*Measure to Improve. You can’t manage what you can’t measure. The healthcare industry needs to get better at determining key metrics to continuously measure and improve security postures.

*Look for “non-standard” systems as potential PHI data stores. In particular, voicemail systems, customer service call recording systems, and closed-circuit television systems could all potentially be storing PHI, but may not be as carefully safeguarded as traditional IT systems such as EHRs and patient billing.

*Instill a culture of security. Every employee is a guardian of the customer’s data.

Although employee negligence and lost/stolen devices continue to be primary causes of data breaches, as Kam points out, one of the major findings of the recent Ponemon Institute report is that criminal attacks are now the leading cause of breaches in healthcare. While criminal attacks are often referred to as cyber-attacks, they can also include malicious insider threats, according to Kam.

He advises that “instead of trying to protect everything from everyone, the next step is really trying to better understand what the criminals are doing right now to get access to the data and what’s causing the breaches in the type of organization you’re trying to protect.”

Nathan Wenzler, a certified security administrator and network auditor who works for IT security firm Thycotic, notes that Ponemon’s report on the security incidents healthcare organizations have experienced are almost all related to the intentional exploitation of technical systems. These are not accidental missteps resulting in data loss, with 78 percent of survey respondents experiencing Web-borne malware attacks, 38 percent citing SQL Injection incidents, and 88 percent suffering from spear phishing.

“While some may argue Spear phishing is a form of employee negligence, it’s really just a means to get a foothold into a network in which to begin the real reconnaissance and attack on the network,” argues Wenzler. “The attacker is trying to compromise user accounts or credentials that have elevated privileges, which permit access to sensitive systems and critical data. If stronger technical controls were in place around credentials, especially those passwords with access to high-value systems, this could start to solve many of the worries healthcare organizations are feeling and directly address several attack vectors they’ve reported to have already taken place.”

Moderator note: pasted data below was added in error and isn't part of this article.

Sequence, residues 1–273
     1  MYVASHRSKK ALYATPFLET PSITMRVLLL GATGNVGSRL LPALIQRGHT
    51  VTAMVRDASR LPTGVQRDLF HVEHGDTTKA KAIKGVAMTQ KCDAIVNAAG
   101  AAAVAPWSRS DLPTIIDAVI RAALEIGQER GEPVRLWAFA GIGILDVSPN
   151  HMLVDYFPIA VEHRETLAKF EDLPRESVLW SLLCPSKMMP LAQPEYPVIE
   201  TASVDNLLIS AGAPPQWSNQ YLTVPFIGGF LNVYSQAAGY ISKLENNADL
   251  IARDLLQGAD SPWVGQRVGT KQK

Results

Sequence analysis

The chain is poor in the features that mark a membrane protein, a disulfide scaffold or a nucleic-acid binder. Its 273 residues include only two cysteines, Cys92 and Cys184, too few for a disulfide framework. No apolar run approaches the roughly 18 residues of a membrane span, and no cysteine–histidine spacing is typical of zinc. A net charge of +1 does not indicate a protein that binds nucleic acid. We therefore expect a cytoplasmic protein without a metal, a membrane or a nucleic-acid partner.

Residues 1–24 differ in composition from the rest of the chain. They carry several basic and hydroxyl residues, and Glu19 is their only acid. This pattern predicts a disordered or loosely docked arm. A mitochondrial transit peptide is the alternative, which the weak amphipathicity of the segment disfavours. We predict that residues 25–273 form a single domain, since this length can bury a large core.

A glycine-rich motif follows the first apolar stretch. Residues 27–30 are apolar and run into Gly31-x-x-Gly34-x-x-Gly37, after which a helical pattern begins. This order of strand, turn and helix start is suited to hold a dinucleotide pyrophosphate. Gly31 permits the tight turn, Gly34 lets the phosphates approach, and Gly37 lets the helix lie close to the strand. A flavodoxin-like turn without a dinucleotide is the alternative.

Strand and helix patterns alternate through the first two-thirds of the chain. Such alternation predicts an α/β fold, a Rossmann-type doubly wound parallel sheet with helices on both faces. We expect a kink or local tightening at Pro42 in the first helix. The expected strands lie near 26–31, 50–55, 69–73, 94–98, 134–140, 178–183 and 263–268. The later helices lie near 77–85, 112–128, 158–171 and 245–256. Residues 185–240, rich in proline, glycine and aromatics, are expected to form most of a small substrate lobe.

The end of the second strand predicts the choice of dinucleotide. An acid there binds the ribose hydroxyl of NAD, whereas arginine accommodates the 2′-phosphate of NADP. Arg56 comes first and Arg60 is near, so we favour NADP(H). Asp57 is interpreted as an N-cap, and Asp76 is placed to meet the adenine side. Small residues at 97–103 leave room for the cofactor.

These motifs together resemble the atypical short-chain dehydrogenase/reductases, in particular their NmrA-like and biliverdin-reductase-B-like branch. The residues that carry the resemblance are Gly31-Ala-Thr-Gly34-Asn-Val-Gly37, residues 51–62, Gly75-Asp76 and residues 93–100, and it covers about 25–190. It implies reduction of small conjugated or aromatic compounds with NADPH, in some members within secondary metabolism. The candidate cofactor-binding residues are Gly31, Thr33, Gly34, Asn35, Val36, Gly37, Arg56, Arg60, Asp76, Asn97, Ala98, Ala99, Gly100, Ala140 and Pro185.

Most attack vectors are designed to “get credentials and then elevate them” and, unfortunately, healthcare organizations “don’t get the administrative credentials—the high-end credentials—right,” he adds. “That’s the one big blind spot that just doesn’t get the visibility it deserves. If you can start to eliminate the ability to get to those elevated accounts, you can neutralize all kinds of attacks.”

Understanding the value of patient data is critical, according to Jay Atkinson, CEO of secure cloud hosting vendor AIS Network. He recommends that healthcare organizations schedule frequent penetration testing and vulnerability scans to uncover vulnerabilities and show how well they are protecting their networks and data.  Performing monthly or quarterly tests will help to establish critical processes (e.g., data encryption, hardened authentication) and to develop a clear understanding of how to avoid breaches as well as strategies for remediation, Atkinson asserts.

But, Wenzler cautions that “taking an outside-in approach” to identifying security vulnerabilities is too limited a perspective.

“We hear this all the time now, but the perimeter is dead—there is no more perimeter,” he says. “A strategy that looks at things from the outside-in is really a losing battle because the ‘outside’ is always going to grow, with the explosion of mobile and remote medical-monitoring devices collecting personal data. Taking things from an inside-out approach is a much stronger position from which to control access so that in the end it really doesn’t matter how much the outside grows. By focusing on the inside part first and working their way out, organizations will have a much better chance of getting ahead of the threats.”